Note: interactive tests run on a weaker (=slower) computer. Some interactive tests are compiled without -DORIGINAL
.
Changelog
August 12, 2017 submitted solution
August 12, 2017 added comments
Difficulty
Project Euler ranks this problem at 35% (out of 100%).
Links
projecteuler.net/thread=307 - the best forum on the subject (note: you have to submit the correct solution first)
Code in various languages:
Python github.com/Meng-Gen/ProjectEuler/blob/master/307.py (written by Meng-Gen Tsai)
C++ github.com/roosephu/project-euler/blob/master/307.cpp (written by Yuping Luo)
Java github.com/thrap/project-euler/blob/master/src/Java/Problem307.java (written by Magnus Solheim Thrap)
Mathematica github.com/frrad/project-euler/blob/master/mathematica/Problem307.m (written by Frederick Robinson)
Mathematica github.com/steve98654/ProjectEuler/blob/master/307.nb
Perl github.com/shlomif/project-euler/blob/master/project-euler/307/euler-307-v1.pl (written by Shlomi Fish)
Those links are just an unordered selection of source code I found with a semi-automatic search script on Google/Bing/GitHub/whatever.
You will probably stumble upon better solutions when searching on your own.
Maybe not all linked resources produce the correct result and/or exceed time/memory limits.
Heatmap
Please click on a problem's number to open my solution to that problem:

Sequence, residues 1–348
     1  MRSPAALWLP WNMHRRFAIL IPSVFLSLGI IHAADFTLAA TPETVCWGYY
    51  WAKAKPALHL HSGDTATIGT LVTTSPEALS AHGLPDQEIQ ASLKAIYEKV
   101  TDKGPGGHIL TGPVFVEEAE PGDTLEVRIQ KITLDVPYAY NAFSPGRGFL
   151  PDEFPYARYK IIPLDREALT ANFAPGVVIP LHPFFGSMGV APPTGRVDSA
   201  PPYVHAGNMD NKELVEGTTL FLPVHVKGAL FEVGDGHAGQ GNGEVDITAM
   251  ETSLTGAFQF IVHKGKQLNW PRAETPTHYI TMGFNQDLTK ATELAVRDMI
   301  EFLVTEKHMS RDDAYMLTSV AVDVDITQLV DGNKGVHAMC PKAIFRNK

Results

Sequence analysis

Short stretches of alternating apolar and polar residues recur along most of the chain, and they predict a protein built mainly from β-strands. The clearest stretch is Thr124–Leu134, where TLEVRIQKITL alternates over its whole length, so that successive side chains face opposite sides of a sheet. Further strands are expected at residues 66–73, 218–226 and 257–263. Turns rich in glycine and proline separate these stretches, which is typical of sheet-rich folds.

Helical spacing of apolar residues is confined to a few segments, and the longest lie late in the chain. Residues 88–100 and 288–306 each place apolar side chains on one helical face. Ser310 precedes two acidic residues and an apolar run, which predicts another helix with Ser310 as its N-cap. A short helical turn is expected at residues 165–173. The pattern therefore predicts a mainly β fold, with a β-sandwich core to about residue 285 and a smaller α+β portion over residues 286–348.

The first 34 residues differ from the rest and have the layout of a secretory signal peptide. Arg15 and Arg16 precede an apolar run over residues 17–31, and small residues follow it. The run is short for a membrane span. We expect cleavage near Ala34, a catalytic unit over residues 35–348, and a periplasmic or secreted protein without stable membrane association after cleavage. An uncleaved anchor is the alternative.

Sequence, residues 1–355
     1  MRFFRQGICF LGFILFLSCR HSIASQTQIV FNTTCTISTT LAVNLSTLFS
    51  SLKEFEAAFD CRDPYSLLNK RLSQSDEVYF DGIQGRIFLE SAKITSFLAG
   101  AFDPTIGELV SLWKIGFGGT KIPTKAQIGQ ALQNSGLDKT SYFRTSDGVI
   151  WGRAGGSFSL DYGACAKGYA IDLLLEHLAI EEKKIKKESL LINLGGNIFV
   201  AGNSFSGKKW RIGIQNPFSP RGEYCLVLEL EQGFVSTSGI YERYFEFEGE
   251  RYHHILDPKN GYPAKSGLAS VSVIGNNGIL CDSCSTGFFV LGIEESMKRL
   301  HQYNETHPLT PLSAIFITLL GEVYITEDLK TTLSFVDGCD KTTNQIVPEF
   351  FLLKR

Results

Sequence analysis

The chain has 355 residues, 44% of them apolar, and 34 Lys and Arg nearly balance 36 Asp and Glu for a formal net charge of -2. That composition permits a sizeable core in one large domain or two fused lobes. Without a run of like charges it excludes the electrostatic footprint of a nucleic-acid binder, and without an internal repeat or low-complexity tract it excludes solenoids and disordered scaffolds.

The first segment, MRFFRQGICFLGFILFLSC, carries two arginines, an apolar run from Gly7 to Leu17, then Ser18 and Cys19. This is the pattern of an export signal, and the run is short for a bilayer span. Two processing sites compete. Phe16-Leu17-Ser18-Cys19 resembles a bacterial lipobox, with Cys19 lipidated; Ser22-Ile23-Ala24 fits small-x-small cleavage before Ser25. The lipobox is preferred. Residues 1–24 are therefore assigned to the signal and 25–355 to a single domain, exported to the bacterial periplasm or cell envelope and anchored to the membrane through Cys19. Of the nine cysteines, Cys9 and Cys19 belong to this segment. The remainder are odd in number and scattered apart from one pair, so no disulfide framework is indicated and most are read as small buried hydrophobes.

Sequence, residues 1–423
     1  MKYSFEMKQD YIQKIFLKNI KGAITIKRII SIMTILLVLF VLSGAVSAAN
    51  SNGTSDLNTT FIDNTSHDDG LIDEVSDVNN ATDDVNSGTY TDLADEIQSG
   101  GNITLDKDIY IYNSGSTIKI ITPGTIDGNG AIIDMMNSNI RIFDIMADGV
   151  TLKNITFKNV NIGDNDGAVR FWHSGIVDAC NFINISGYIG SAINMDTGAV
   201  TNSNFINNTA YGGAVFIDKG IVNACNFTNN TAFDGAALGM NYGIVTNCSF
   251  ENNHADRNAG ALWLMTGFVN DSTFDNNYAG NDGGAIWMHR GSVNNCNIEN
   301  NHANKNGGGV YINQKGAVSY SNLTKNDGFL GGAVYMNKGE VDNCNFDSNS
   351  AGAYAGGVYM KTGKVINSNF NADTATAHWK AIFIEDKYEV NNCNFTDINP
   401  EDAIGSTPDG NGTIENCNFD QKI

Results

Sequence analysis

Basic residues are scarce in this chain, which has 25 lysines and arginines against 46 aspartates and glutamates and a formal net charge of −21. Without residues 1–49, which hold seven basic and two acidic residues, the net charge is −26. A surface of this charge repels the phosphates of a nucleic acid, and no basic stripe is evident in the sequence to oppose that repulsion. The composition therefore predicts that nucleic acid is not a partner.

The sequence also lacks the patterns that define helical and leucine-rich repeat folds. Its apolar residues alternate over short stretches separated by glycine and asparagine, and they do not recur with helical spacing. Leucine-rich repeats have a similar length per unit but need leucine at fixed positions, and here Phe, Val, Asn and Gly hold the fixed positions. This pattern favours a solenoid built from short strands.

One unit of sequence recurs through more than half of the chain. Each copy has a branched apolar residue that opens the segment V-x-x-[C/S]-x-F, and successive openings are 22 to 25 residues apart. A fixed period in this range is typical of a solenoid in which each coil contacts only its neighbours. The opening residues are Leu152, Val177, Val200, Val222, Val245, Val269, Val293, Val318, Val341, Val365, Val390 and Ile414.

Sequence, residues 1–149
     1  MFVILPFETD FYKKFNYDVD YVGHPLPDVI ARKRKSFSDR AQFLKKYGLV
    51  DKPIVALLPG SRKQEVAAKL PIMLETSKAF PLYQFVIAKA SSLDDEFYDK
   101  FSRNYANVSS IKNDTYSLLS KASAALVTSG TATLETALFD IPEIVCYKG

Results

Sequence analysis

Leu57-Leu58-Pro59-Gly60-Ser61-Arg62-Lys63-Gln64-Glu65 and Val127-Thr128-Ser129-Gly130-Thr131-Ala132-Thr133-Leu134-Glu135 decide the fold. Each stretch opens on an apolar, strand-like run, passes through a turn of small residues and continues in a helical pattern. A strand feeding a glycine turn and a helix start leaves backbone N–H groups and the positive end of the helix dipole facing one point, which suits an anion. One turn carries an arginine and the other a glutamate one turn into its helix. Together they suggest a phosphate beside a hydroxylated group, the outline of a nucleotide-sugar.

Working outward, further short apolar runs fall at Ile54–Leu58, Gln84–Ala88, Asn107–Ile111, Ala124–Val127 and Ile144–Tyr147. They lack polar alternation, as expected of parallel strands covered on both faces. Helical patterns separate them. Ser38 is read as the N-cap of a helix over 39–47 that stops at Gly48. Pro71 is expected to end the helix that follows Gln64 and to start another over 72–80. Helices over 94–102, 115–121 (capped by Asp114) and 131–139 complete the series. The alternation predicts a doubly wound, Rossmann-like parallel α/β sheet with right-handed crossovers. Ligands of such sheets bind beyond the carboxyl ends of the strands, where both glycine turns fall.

green | solutions solve the original Project Euler problem and have a perfect score of 100% at Hackerrank, too | |
yellow | solutions score less than 100% at Hackerrank (but still solve the original problem easily) | |
gray | problems are already solved but I haven't published my solution yet | |
blue | solutions are relevant for Project Euler only: there wasn't a Hackerrank version of it (at the time I solved it) or it differed too much | |
orange | problems are solved but exceed the time limit of one minute or the memory limit of 256 MByte | |
red | problems are not solved yet but I wrote a simulation to approximate the result or verified at least the given example - usually I sketched a few ideas, too | |
black | problems are solved but access to the solution is blocked for a few days until the next problem is published | |
[new] | the flashing problem is the one I solved most recently |
I stopped working on Project Euler problems around the time they released 617.
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I scored 13526 points (out of 15700 possible points, top rank was 17 out of ≈60000 in August 2017) at Hackerrank's Project Euler+.
My username at Project Euler is stephanbrumme while it's stbrumme at Hackerrank.
Look at my progress and performance pages to get more details.
Copyright
I hope you enjoy my code and learn something - or give me feedback how I can improve my solutions.
All of my solutions can be used for any purpose and I am in no way liable for any damages caused.
You can even remove my name and claim it's yours. But then you shall burn in hell.
The problems and most of the problems' images were created by Project Euler.
Thanks for all their endless effort !!!
<< problem 306 - Paper-strip Game | An amazing Prime-generating Automaton - problem 308 >> |